"So a motion sensor is installed on the inside, looking down on the doorway. That way, if someone walks up to the door from the inside, it will automatically unlock.

"But whoever created this system is a much more trusting soul than one of the sysadmins, who looks over the already installed system and sees the flaw.

To read this article in full, please click here

Categories: Latest Security News

Easy-to-prevent Apple flaw may threaten enterprise security

Computer World Security - Thu, 09/27/2018 - 07:46

An obscure flaw in Apple’s Device Enrollment Program (DEP) may make it possible for determined hackers to access enterprise networks, though the solution is quite straightforward.

Serial number spoofing

Duo Security researchers say they’ve figured out how to enroll a rogue device onto an enterprise’s mobile device management (MDM) system if the business has failed to enable authentication on devices enrolled on the system.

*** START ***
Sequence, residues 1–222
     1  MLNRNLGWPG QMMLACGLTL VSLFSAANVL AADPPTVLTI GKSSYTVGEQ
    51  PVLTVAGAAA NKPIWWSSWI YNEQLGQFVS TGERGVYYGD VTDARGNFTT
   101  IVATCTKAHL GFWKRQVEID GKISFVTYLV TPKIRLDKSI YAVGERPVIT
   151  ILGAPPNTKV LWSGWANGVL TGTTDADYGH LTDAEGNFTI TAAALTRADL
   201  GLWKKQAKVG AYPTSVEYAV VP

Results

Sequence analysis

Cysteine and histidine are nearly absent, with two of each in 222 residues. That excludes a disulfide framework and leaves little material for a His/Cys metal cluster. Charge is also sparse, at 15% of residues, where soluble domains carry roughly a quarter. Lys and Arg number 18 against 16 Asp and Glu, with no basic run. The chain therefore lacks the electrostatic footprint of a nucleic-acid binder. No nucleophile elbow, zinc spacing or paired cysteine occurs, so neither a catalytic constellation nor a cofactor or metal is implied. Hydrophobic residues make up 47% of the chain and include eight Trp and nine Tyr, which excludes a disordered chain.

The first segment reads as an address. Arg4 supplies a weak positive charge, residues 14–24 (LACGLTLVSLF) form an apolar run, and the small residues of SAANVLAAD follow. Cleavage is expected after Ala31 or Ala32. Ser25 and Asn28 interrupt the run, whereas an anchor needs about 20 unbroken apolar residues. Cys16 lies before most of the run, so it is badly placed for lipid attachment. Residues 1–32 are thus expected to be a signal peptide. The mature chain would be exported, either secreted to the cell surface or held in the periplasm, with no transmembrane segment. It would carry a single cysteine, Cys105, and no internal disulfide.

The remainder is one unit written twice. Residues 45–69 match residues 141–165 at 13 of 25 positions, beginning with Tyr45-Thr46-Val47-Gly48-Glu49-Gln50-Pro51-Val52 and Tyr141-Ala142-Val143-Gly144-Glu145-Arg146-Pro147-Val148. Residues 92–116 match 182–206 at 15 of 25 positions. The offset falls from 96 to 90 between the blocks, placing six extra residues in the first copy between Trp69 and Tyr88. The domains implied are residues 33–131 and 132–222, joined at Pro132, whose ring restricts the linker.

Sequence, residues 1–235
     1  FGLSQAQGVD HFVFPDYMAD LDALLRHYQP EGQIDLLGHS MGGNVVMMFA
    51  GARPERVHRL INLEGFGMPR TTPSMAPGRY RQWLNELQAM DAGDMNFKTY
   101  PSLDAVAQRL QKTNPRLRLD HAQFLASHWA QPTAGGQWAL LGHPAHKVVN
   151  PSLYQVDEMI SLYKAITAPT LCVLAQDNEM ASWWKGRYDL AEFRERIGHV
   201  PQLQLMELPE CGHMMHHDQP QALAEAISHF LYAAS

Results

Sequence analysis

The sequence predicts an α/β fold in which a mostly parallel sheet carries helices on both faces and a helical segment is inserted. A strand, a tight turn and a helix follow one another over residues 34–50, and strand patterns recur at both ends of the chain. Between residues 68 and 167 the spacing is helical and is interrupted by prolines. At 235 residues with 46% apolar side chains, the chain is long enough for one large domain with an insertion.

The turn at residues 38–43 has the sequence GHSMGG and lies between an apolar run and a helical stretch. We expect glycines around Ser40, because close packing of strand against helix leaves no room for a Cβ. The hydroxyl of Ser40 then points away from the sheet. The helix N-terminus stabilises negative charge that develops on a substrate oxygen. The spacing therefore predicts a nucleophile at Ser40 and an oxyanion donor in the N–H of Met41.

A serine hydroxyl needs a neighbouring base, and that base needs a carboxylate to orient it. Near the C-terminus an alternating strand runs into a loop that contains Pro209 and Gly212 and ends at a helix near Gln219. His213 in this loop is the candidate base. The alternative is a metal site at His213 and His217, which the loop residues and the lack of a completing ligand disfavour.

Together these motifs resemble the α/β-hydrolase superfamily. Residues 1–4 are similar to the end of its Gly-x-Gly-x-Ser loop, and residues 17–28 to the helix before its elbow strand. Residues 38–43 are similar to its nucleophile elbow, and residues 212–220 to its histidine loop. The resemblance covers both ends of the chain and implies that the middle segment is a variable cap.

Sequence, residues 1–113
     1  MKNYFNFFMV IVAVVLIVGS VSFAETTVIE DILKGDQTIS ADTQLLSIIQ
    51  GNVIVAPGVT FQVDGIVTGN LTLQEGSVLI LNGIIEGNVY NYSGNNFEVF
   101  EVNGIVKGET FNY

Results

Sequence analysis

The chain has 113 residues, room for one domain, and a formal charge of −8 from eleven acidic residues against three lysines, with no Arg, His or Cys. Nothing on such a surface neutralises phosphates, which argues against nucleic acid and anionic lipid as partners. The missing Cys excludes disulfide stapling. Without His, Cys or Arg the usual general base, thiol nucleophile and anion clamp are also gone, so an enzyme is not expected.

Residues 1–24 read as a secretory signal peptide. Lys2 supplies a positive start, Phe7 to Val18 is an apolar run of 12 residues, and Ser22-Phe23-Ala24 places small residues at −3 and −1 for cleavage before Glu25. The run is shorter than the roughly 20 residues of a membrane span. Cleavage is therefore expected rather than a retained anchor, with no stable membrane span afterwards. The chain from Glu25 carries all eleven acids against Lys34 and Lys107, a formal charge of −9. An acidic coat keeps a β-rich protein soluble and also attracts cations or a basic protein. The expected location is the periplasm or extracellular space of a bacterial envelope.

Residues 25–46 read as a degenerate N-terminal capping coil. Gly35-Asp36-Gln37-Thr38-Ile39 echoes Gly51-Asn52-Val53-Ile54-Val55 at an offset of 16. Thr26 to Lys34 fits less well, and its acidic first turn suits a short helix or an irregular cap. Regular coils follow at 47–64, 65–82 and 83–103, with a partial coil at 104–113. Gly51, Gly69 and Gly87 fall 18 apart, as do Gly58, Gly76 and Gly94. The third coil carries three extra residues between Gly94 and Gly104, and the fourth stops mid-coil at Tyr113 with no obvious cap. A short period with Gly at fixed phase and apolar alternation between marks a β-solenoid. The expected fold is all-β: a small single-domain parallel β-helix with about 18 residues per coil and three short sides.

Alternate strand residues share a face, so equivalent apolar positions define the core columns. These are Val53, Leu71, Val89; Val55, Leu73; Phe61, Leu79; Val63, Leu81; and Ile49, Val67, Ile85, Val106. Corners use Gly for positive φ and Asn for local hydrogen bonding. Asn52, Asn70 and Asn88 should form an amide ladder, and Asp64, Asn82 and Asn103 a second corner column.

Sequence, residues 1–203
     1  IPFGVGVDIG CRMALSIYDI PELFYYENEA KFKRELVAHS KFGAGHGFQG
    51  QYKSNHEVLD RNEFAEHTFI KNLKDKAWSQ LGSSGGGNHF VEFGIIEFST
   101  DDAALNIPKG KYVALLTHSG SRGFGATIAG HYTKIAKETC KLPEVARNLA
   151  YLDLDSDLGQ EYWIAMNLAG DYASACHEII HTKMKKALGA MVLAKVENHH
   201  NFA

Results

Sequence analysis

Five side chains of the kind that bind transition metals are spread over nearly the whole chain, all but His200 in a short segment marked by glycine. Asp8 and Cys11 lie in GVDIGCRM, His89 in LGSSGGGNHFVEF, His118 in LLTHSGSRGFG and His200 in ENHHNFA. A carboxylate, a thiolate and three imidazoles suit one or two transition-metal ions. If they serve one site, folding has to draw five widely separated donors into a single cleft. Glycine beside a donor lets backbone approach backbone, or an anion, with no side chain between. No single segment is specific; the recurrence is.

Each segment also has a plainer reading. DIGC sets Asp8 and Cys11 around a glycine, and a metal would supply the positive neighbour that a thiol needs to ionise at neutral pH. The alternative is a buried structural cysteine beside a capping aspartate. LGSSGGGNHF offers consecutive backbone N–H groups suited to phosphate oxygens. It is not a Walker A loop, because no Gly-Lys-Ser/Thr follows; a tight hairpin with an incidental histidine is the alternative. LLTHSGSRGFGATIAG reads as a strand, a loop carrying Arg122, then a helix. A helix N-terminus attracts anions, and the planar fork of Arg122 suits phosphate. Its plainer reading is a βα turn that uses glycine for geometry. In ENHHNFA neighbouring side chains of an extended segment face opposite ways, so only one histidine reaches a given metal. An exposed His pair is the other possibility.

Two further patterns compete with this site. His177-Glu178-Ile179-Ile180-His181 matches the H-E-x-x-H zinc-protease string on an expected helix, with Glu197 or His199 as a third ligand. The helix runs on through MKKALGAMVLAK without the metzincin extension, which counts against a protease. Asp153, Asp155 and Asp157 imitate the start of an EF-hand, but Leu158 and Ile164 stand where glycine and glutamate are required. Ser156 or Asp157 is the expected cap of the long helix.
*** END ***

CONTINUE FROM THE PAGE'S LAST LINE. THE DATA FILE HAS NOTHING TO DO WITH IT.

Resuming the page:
To make this work, attackers need to get hold of the valid serial number for an Apple device that is registered to Apple’s Device Enrollment Program (DEP) but not yet set up on the company’s MDM server, they said.

To read this article in full, please click here

Categories: Latest Security News

Apple's dropping Back To My Mac Remote Access. Here's an Alternative, Currently Discounted.

Computer World Security - Fri, 09/21/2018 - 09:10

Apple is dropping the Back To My Mac remote access feature, and in a recent support document they urge you to be prepared by looking for alternatives.

RemotePC by iDrive is a full-featured remote access solution that lets you connect to your work or office computer securely from anywhere, and from any iOS or Android device. Right now, their 50 computer package is 90% off or just $6.95 for your 1st year. So if you need an alternative to Back To My Mac, or have been thinking about remote access, now is a good time to consider RemotePC. Learn more about it here.

To read this article in full, please click here

Categories: Latest Security News